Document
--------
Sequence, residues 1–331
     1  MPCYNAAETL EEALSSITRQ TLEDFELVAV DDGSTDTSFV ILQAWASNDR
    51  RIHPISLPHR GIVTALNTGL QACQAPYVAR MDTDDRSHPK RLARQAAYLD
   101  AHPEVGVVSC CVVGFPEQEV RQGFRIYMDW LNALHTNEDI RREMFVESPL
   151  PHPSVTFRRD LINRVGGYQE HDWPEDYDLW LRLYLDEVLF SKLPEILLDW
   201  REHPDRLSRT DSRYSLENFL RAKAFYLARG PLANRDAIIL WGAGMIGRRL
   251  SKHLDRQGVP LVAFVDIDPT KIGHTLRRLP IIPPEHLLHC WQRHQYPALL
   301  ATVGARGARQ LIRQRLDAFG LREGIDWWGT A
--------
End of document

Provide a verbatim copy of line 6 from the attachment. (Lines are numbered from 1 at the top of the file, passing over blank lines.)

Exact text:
   201  REHPDRLSRT DSRYSLENFL RAKAFYLARG PLANRDAIIL WGAGMIGRRL